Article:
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  Table of Contents  
Year : 2015  |  Volume : 33  |  Issue : 4  |  Page : 609-610

Rapid emergence of New Delhi Metallobetalactamase-1 among clinical isolates from blood - a comparative study over two periods, 12 months apart

Department of Microbiology, Maulana Azad Medical College, New Delhi, India

Date of Submission11-Jan-2014
Date of Acceptance02-Feb-2015
Date of Web Publication16-Oct-2015

Correspondence Address:
V Jain
Department of Microbiology, Maulana Azad Medical College, New Delhi
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Source of Support: None, Conflict of Interest: None

DOI: 10.4103/0255-0857.167317

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How to cite this article:
Jain V, Prakash S K, Kumar S, Jha H. Rapid emergence of New Delhi Metallobetalactamase-1 among clinical isolates from blood - a comparative study over two periods, 12 months apart. Indian J Med Microbiol 2015;33:609-10

How to cite this URL:
Jain V, Prakash S K, Kumar S, Jha H. Rapid emergence of New Delhi Metallobetalactamase-1 among clinical isolates from blood - a comparative study over two periods, 12 months apart. Indian J Med Microbiol [serial online] 2015 [cited 2020 Jul 13];33:609-10. Available from:

Dear Editor,

Carbapenem resistance due to New Delhi Metallobetalactamase-1 (NDM-1) is becoming a global menace. Even though it has been claimed that this gene originated in New Delhi,[1] there is a paucity of literature on NDM-1 from healthcare centres in New Delhi tself. The need of the hour is to [1] quantify the burden of carbapenem resistance caused by NDM-1,[2] to review its change over time and [3] to evaluate new therapeutic options.

We undertook a study with an interest in local epidemiology, in a 2000-bedded tertiary care referral hospital in New Delhi that caters to an annual inpatient load of more than 58,000. Consecutive clinical specimens of blood from inpatients suffering from septicaemia caused by enterobacteriaceae during 2 months, January 2012 and January 2013, were the specimens under study.

The method of detection of the blaNDM-1 gene was conventional polymerase chain reaction (PCR), followed by sequencing of the 475bp amplicon. A known blaNDM-1-positive Klebsiella pneumoniae strain was used as the positive control, while deoxyribonucleic acid (DNA) extracted from  Escherichia More Details coli 25922 was used as the negative control for this study.

Nine consecutive enterobacteriaceae isolates were cultured from septicaemic patients in January 2012. None was carbapenemase-, MBL (Metallo-beta-lactamase)- or NDM-1-positive. Three (33%) were ESBL (Extended spectrum beta lactamase) producers.

Fifteen consecutive isolates were obtained in January 2013. Nine (60%) were ESBL and six (40%) were carbapenemase producers. While no resistance against meropenem was detected in January 2012, the figure rose to 40% in January 2013. Three Klebsiella pneumoniae were NDM-1-positive [Figure 1] and susceptible to colistin by E-test. One hundred percent colistin susceptibility has been previously reported from Haryana.[2]
Figure 1: Lane A = Positive control Lane B = Negative control Lane C = DNA marker with a prominent band corresponding to 500bp Lanes D, E and F = 475bp amplicons of blaNDM-1 gene found in the three Klebsiella pneumoniae Scientific Name Search  isolates in this study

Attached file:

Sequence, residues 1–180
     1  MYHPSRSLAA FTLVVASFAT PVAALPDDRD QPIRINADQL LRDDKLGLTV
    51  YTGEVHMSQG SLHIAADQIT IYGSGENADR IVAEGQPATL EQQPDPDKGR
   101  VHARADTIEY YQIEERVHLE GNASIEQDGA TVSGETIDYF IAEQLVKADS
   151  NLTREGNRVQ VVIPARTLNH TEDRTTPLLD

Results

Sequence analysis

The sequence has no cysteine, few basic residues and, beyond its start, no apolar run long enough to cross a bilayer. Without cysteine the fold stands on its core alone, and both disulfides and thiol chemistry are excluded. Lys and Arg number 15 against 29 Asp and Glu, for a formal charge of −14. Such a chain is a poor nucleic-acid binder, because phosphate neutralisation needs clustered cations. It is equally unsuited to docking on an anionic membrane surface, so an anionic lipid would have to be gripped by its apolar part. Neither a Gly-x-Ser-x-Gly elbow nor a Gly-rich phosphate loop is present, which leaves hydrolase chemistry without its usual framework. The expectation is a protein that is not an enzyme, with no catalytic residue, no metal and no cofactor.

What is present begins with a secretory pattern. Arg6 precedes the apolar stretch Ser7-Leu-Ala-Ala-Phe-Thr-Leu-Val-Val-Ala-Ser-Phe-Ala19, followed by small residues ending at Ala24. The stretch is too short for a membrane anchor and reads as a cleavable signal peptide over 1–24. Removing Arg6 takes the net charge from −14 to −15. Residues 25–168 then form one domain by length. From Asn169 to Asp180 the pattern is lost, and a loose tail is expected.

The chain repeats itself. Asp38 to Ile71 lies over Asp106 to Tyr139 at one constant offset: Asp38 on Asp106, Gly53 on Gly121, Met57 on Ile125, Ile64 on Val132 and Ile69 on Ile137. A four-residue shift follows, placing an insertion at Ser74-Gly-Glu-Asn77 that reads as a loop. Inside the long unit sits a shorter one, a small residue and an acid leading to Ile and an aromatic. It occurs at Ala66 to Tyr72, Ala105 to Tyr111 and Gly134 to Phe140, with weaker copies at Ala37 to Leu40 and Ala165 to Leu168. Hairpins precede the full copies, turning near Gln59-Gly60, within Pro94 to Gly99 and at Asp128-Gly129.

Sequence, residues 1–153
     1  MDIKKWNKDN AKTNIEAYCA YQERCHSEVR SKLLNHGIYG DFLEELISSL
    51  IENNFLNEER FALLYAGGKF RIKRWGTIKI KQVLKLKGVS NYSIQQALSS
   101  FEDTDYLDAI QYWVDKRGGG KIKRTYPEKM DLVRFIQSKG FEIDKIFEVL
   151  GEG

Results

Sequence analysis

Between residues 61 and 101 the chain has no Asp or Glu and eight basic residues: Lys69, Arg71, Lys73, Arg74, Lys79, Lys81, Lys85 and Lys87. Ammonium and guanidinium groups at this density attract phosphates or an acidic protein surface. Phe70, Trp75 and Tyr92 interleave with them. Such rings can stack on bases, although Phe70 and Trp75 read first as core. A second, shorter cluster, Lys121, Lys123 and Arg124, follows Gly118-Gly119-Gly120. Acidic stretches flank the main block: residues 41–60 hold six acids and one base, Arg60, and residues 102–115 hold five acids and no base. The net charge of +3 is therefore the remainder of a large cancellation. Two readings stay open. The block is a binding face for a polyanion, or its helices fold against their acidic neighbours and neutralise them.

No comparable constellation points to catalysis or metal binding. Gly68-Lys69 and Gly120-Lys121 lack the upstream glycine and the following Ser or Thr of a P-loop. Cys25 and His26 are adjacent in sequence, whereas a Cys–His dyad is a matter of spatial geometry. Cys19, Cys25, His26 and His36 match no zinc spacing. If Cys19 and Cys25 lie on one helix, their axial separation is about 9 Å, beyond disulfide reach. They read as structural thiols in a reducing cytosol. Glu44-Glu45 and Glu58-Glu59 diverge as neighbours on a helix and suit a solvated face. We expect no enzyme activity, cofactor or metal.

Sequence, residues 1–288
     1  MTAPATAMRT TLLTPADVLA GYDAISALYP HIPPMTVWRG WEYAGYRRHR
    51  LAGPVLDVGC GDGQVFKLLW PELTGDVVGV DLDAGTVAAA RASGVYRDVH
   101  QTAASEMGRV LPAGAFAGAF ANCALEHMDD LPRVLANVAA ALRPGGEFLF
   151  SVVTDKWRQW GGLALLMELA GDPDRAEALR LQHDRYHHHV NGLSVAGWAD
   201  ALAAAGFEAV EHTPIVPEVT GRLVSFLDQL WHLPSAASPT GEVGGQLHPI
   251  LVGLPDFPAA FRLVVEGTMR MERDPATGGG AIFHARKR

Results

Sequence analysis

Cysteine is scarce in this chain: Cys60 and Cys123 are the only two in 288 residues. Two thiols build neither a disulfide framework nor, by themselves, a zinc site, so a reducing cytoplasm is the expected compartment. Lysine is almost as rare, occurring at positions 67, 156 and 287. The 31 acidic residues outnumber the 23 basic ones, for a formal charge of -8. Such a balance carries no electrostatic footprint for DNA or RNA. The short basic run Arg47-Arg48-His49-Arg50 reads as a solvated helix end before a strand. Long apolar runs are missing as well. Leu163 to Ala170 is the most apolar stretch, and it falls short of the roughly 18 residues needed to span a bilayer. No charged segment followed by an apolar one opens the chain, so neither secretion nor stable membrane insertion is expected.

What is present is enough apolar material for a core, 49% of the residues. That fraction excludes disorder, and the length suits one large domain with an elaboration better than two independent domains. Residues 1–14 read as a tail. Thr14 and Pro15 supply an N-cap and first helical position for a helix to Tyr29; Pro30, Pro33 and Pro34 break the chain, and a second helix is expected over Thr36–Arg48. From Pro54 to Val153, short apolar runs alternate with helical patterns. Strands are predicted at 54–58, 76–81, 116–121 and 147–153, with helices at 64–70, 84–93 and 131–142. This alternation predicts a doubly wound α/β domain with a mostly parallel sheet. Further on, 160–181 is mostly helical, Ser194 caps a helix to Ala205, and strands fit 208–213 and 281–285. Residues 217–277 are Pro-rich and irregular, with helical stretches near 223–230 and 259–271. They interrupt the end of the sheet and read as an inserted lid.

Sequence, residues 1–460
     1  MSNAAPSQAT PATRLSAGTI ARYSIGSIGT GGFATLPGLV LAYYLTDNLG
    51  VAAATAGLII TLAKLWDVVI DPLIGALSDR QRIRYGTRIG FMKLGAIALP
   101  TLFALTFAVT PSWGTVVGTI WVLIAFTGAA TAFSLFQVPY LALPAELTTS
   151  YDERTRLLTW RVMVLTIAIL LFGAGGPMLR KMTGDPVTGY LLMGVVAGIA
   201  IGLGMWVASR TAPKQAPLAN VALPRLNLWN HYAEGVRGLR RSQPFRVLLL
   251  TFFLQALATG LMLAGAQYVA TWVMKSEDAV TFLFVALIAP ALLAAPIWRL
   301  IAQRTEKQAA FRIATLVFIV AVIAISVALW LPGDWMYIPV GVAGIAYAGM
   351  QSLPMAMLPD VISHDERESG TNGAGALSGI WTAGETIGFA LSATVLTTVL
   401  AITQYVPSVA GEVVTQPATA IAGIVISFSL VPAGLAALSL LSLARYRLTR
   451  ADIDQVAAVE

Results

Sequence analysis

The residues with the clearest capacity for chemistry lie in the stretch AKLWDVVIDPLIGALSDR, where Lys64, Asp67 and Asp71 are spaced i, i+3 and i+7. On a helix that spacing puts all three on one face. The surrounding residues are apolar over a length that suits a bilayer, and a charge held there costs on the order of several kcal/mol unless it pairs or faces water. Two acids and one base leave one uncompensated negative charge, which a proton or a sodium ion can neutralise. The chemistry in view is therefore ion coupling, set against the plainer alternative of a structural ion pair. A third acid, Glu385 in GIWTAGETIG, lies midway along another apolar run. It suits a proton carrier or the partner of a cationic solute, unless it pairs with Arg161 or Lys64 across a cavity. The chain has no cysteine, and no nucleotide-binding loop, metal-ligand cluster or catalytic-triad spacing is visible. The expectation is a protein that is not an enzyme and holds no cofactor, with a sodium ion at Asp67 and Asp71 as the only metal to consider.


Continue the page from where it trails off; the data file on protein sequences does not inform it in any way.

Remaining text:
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Tigecycline resistance seen in a single strain in our study Minimal inhibitory concentration (MIC = 2 µg/ml) is an alarming indication of the shrinking therapeutic options for the management of such blaNDM-1-positive strains. Tigecycline resistance of 06.81% has been previously reported from Chennai [2] and 27.27% from the SENTRY study.[3]

Thus, a sharp rise in carbapenem resistance and NDM-1 production was noticed in the 1-year interval. Two of the three NDM-1-positive isolates had been obtained from infants. Tigecycline resistance was also documented. Antimicrobial stewardship backed by good clinician–laboratory communication is the only way forward.


The authors would like to acknowledge Dr. Rafael Canton and Dr. Maria Isabel Morosini, Ramon Y Cajal Hospital, Madrid, Spain, for providing control strains required for modified Hodge test. We are extremely grateful to Dr. Vikas Manchanda, Head of department of Microbiology, CNBC, New Delhi for providing the blaNDM-1-positive control strain of Klebsiella pneumonia.[4]

Financial support and sponsorship


Conflicts of interest.

There are no conflicts of interest.

 ~ References Top

Yong D, Toleman MA, Giske CG, Cho HS, Sundman K, Lee K, et al. Characterization of a new metallo-beta-lactamase gene, bla(NDM-1), and a novel erythromycin esterase gene carried on a unique genetic structure in Klebsiella pneumoniae sequence type 14 from India. Antimicrob Agents Chemother 2009;53:5046-54.  Back to cited text no. 1
Kumarasamy KK, Toleman MA, Walsh TR, Bagaria J, Butt F, Balakrishnan R, et al. Emergence of a new antibiotic resistance mechanism in India, Pakistan, and the UK: A molecular, biological, and epidemiological study. Lancet Infect Dis 2010;10:597-602.  Back to cited text no. 2
Castanheira M, Deshpande LM, Mathai D, Bell JM, Jones RN, Mendes RE. Early dissemination of NDM-1- and OXA-181-producing Enterobacteriaceae in Indian hospitals: Report from the SENTRY Antimicrobial Surveillance Program, 2006-2007. Antimicrob Agents Chemother 2011;55:1274-8.  Back to cited text no. 3
Manchanda V, Rai S, Gupta S, Rautela RS, Chopra R, Rawat DS, et al. Development of TaqMan real-time polymerase chain reaction for the detection of the newly emerging form of carbapenem resistance gene in clinical isolates of Escherichia coli, Klebsiella pneumoniae, and Acinetobacter baumannii. Indian J Med Microbiol 2011;29:249-53.  Back to cited text no. 4
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